Who has edge? Nats-Cards position by position

NLCS Game 1 is Friday at 8 p.m. ET on TBS

October 10th, 2019

The Nationals didn't win the NL East, settling for the Wild Card Game, where they advanced in some part due to a monumental Milwaukee fielding mistake. Then, they toppled the mighty 106-win Dodgers in a thrilling extra-innings Game 5 topper to the NLDS, which earns them the prize of facing the Cardinals ... who finished off their own five-game NLDS by putting up a 10-run first inning on their way to a 13-1 blowout of the Braves.

You may not have expected these teams to reach the NLCS -- or for them to have made it to this point in the way they did -- but here they are, and it makes for a surprisingly even pairing and a possibly very entertaining series. Who has the edge? Let's go through each position to find out.


In name value, the St. Louis edge here is obvious, though Yadier Molina hasn't actually done all that much in 2019, posting a regular-season line of .270/.312/.399 that was 15% below league average and then collecting only three hits in 23 NLDS plate appearances. Still, we know his value to the Cardinals goes beyond the baseball card numbers, while Kurt Suzuki's availability for the NLCS may be in question after getting hit by a Walker Buehler pitch on Wednesday. Not to mention, Molina (+2 framing runs) is superior to Suzuki (-5 runs) behind the plate. It's not like Washington's other catcher, Yan Gomes (.223/.316/.389), lit things up this year. There are catchers who are better than Molina, but none of them will play be in this series.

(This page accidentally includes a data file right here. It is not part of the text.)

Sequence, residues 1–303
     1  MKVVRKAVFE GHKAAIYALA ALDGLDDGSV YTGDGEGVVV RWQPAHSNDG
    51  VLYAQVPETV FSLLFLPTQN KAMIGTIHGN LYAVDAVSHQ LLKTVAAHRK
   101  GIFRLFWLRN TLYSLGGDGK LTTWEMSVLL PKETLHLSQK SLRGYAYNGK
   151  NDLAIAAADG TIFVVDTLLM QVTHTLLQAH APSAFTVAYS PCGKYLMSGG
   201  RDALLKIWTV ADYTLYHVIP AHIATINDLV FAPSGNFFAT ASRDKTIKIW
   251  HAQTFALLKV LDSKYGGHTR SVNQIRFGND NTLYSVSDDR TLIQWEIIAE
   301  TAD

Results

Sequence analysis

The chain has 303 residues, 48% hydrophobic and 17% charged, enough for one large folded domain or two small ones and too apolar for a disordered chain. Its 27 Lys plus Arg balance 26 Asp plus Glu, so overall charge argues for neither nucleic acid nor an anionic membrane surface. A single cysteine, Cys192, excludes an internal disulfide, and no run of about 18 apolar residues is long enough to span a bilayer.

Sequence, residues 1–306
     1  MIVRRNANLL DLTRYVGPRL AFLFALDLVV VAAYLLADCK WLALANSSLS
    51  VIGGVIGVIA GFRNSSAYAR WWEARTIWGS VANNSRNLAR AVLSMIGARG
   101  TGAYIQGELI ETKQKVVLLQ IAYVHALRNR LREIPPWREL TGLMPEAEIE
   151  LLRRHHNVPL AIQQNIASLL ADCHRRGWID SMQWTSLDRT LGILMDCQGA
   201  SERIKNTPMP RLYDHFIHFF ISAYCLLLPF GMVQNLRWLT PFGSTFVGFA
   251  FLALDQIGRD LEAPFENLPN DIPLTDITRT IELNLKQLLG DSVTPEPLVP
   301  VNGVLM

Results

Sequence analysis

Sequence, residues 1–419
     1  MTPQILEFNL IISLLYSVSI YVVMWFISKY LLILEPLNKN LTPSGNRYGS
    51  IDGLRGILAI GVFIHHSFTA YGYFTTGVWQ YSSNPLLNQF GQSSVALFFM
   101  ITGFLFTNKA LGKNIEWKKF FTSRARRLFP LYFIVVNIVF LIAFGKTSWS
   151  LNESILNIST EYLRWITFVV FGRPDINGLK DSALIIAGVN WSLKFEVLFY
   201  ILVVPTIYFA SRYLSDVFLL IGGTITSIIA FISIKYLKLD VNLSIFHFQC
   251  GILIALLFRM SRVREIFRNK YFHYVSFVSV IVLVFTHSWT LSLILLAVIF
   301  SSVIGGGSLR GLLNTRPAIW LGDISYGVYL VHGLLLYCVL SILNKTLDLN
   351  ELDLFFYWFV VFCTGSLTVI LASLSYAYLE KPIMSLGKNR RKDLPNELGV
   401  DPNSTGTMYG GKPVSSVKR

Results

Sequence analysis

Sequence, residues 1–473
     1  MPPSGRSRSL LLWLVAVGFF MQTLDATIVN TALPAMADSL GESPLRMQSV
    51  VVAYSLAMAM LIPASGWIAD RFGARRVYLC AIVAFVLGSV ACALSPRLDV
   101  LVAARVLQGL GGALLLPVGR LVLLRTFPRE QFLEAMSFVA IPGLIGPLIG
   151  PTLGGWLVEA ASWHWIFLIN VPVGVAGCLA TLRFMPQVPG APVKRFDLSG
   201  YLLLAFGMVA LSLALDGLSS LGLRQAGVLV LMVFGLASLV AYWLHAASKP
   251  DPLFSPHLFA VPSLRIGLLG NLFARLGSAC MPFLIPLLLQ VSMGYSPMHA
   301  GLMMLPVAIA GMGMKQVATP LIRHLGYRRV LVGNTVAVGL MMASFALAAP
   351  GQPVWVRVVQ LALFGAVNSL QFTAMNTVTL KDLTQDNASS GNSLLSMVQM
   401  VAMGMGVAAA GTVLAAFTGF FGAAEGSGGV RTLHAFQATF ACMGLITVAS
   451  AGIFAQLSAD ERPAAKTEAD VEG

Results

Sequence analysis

Advantage: Cardinals

First base

Let's call this one "a moving target" on the Washington side. Ryan Zimmerman didn't play much this year (190 plate appearances) and didn't add a lot when he did (.257/.321/.415, 86 OPS+), but 36-year-old Howie Kendrick had a career year (.344/.395/.572, 142 OPS+), except he made numerous fielding and running mistakes in the NLDS, except then he became the hero when he hit a game-winning grand slam in the 10th inning of Game 5. Oh, and the player who got the most plate appearances at first base for the Nationals this year was actually Matt Adams, who got all of two pinch-hitting opportunities in the NLDS.